As recently as five years ago, the 600-acre Aravalli Bio-Diversity Park in south Delhi bordering Gurgaon used to be a stretch of barren land, scarred by thoughtless mining. Today, it is a lush green patch, attracting morning walkers, joggers, cyclists and bird watchers. This stunning turnaround is the result of more than 46,000 plants that had been planted by citizens groups, NGOs, and government bodies in the past four years. While many have contributed to the reforestation drive, it was 47-year-old Gurgaon resident Latika Thukral who led the charge.
Once a critic of Gurgaon’s administration for not doing enough for the city, the banker who settled there in 1996, came to realise over time that she could contribute to it being a better place to live in. Thukral quit her job in 2009 to start ‘I am Gurgaon’ with three friends.
“Our vision was to give Gurgaon something it could cherish. Greenery was the answer since Gurgaon is located in the Aravalli ranges and used to be lush and green, before the hills were despoiled by extensive mining,” she said.
Admitting that quitting her job was a tough call to make, she said that she had devoted herself completely to the cause of making the city green. “Gurgaon is full of people who’ve come from outside, but they need to realise that this is not just a place to earn money and leave. They need to give it something in return,” she said.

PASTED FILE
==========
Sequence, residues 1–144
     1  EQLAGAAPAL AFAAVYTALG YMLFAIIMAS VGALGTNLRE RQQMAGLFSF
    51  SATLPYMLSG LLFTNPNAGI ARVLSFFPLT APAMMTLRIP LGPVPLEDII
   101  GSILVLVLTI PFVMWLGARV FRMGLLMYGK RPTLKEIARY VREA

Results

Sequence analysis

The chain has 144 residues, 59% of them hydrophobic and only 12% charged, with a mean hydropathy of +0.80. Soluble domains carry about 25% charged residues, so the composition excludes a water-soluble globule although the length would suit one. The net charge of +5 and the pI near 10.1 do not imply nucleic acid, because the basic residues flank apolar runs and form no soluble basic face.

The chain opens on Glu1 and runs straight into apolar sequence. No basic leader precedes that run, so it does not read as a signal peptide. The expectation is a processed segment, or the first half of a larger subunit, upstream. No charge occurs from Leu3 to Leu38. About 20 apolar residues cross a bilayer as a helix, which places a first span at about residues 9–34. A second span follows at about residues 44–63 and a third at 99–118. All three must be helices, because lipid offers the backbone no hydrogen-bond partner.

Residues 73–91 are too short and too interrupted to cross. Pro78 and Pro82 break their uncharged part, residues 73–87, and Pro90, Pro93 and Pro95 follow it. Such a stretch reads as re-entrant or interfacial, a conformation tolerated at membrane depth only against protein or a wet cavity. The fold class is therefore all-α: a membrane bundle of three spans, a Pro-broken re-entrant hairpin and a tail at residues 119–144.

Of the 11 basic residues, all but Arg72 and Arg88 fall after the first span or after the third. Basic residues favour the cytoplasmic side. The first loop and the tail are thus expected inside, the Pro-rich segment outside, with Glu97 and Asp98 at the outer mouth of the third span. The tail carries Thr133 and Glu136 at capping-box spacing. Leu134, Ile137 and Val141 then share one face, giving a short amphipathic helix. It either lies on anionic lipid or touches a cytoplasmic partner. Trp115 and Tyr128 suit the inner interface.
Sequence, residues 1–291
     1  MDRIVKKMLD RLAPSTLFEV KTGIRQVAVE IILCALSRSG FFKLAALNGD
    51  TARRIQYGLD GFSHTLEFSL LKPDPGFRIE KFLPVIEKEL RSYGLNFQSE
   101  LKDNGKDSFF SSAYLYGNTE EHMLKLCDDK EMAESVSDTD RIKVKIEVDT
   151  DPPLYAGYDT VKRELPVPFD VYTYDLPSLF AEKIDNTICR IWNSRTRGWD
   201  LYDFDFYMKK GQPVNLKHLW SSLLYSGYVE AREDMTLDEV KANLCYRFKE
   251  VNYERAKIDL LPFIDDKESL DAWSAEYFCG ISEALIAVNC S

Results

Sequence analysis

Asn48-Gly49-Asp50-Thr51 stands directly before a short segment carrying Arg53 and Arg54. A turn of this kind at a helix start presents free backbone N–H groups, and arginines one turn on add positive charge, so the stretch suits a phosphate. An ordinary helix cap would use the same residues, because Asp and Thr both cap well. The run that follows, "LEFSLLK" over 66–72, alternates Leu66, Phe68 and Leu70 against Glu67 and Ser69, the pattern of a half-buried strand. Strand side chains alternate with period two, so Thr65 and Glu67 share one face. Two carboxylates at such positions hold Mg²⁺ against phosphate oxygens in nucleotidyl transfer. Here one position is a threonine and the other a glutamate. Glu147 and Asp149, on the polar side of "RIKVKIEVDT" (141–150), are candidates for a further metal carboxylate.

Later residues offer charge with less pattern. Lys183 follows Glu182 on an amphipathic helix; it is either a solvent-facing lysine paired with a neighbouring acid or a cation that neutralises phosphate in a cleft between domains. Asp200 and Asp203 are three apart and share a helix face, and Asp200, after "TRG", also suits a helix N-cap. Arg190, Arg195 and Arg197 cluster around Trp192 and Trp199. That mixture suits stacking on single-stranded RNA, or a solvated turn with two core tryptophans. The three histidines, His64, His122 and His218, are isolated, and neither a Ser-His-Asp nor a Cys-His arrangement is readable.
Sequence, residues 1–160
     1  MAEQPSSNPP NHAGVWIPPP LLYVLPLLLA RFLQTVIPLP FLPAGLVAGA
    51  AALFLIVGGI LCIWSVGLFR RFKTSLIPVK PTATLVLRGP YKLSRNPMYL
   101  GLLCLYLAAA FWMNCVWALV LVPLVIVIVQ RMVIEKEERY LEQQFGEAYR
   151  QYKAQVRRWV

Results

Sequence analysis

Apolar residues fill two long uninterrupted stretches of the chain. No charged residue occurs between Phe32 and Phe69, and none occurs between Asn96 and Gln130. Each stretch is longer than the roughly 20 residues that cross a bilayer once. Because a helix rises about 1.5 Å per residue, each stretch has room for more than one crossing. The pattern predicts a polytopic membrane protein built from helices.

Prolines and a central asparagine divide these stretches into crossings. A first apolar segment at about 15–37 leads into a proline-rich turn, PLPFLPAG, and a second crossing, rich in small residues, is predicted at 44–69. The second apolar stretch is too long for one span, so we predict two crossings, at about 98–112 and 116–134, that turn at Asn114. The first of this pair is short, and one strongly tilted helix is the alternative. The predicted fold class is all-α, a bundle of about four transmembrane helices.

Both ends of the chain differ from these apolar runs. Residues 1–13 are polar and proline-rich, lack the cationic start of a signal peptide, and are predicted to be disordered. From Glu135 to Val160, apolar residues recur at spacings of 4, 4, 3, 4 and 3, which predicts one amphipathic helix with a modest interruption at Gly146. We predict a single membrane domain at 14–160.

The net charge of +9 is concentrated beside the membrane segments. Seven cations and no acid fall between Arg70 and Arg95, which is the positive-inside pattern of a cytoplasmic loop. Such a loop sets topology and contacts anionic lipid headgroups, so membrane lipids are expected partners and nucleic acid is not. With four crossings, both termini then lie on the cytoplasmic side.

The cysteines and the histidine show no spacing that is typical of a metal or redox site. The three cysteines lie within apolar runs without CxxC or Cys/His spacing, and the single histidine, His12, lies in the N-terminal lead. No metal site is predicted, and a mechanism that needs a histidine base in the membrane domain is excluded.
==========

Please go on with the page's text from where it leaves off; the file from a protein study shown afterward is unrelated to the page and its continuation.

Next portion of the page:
“We took over the park in 2009 from the Haryana forest department and since then, the survival rate of saplings has increased from 10% to 40%, which has encouraged us a lot,” she said.
Among the many roadblocks she faced along the way were administrative apathy and the greed of local villagers, who had encroached on land worth crores.
“They encroach upon land and remove the fences so that their cattle can graze,” she said. Water was another challenge; however, more than 40 companies in Gurgaon provided I am Gurgaon with adequate funds to nurture saplings. “At present, we have two nurseries inside the park to grow saplings. We have one borewell inside the park and the rest we manage with treated water from DLF,” she said.
Plants must be selected carefully and random plantation can do more harm than good. To remedy this, Thukral plants trees that are indigenous to Gurgaon.
“The biggest impediment was the removal of vilayati keekar (prosopis juliflora), an invasive plant largely responsible for not letting other plants grow. We have removed this plant and are growing 150 species of plants such as dhok, palash, kasai and jangli anjeer, which are indigenous to the Aravallis, in our nurseries,” she said.
Acknowledging the help of the Gurgaon administration, Thukral said that the Municipal Corporation of Gurgaon had helped by fencing the entire park and solving many encroachment-related issues with locals in surrounding villages.
“At this rate, the Aravali Bio-Diversity Park will be the next bird sanctuary after Sultanpur in Gurgaon,” she said.